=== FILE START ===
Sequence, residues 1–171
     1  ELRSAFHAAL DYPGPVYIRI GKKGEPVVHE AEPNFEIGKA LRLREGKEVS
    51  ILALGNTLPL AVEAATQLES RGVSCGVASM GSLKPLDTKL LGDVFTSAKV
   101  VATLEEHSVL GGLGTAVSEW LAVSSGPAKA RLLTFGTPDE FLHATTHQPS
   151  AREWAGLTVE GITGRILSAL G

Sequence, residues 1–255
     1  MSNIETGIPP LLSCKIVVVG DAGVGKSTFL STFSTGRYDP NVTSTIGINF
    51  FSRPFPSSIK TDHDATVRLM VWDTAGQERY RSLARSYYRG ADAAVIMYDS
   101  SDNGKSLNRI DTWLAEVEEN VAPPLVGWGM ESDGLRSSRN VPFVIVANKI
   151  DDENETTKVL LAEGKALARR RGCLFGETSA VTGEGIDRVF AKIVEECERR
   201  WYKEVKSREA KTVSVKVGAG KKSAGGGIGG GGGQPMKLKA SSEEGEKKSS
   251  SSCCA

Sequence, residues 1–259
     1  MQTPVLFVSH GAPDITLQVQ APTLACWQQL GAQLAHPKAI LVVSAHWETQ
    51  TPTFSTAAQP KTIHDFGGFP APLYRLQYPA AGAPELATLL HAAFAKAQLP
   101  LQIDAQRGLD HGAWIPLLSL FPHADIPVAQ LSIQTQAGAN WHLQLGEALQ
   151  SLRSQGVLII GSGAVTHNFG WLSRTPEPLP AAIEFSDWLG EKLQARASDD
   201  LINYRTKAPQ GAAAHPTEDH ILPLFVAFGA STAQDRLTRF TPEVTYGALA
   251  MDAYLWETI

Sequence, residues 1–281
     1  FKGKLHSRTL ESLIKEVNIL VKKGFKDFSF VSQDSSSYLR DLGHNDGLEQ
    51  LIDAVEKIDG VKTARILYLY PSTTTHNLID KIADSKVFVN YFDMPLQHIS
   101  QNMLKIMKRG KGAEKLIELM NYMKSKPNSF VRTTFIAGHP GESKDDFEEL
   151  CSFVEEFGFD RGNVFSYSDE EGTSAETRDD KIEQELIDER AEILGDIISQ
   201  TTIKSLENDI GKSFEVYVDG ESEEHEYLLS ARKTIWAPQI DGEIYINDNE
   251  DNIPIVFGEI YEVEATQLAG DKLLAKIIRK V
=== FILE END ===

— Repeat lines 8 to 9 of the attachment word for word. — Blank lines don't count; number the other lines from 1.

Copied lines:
    51  FSRPFPSSIK TDHDATVRLM VWDTAGQERY RSLARSYYRG ADAAVIMYDS
   101  SDNGKSLNRI DTWLAEVEEN VAPPLVGWGM ESDGLRSSRN VPFVIVANKI